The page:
I’d like to invite my visitors to consider my novel, Beyond Beyond. In the novel, Rich Larsen is on the run; or more accurately, on the sail. His mentor and the owner and editor of the newspaper he works for turns out to be a left-wing radical belonging to a well-organized group with power and political clout.
This novel takes Rich from the coastal town of Rockland, Maine, into the Caribbean, down the east coast of South America, through the dangerous Strait of Magellan, and eventually into the Pacific. On the trek, he meets up with a whole host of good and bad characters. He faces death on land and sea. He overcomes the forces of nature and the sordidness of man.
He visits places overlooked by time and tourists. He bonds with characters who have with them their own stories and reasons for being on the fringes.
It is a time when he is fully tested; physically, mentally, and emotionally. The last two years he spent in Rockland, prepared him for what he needed to overcome all that nature, circumstances, and evil men might cast his way.
Here is a portion from Beyond Beyond. Rich is at a small cafe on the island of Fernando de Noronha.
He sipped and looked at the primitive existence around him. He pondered. “There is little that remains for me to see and do here, but for some strange reason, I must be here. Perhaps the reason will be unknown to me forever. Perhaps I’m thinking too much of my own importance. If a tree in the forest should fall with no one to hear, it is more of a philosophical and moral discussion than physical or scientific. Does the tree that falls set a chain of events in motion that will alter lives? Two hundred years ago a tree falls in the forest. It scares a deer. A pioneer shoots the deer. He takes it home to his family. Without the deer, the family would have starved to death. That family is the ancestor of a President, a deciding vote, the cure for cancer, or a mass killer. All because of a tree that fell in the forest.”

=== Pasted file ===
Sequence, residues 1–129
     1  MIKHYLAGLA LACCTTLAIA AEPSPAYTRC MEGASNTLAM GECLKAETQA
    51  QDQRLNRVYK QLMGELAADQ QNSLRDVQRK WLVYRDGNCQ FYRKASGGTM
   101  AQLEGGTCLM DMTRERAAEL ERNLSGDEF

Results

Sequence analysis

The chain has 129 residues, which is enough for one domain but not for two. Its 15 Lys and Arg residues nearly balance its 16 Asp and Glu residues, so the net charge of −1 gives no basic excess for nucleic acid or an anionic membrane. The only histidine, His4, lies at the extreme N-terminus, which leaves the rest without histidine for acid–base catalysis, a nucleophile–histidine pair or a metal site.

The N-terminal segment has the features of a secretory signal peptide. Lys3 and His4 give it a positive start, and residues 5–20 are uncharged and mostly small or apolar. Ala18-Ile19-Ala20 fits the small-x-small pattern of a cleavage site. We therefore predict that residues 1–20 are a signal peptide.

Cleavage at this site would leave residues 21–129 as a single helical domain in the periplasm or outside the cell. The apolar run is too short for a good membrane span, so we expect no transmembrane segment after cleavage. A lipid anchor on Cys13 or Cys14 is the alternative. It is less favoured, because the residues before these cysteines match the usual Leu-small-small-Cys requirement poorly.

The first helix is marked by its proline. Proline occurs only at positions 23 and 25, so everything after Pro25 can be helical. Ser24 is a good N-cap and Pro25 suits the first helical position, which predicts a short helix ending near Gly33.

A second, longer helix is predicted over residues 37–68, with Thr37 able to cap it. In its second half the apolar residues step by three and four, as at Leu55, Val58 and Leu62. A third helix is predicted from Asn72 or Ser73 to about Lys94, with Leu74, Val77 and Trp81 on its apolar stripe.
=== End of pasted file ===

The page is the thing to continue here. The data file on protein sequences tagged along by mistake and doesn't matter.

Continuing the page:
Rich had one swig of beer remaining. He tossed the beer to the back of this throat and took the empty bottle back inside and placed it on the bar.
“Mais um?” Said the woman behind the bar.
“Nao obrigado,” Rich said. “Adeus.”
“Adeus,” the woman said.
Rich made his way back to the dinghy and putted back to The Odyssey.
It was a night of little expectation yet great accomplishment in mind and soul. Each day away and each location visited provided another buffer between him and whatever occurred in Maine.
Rich brought a cup of tea on deck. He looked out over the sea to the north. There was a flicker of light; perhaps a distant freighter. “I hope I am that distant flicker.”
For a reason not known, Rich felt threatened. Without hesitation, he pulled the anchor on board. The muffled sound of the engine broke the bay’s silent night. Rich gently nudged through the calm bay waters to where the sea chopped and the wind blew steady and lively.
As always, I hope you purchase the book in digital or paperback and enjoy reading it as much as I enjoyed writing it.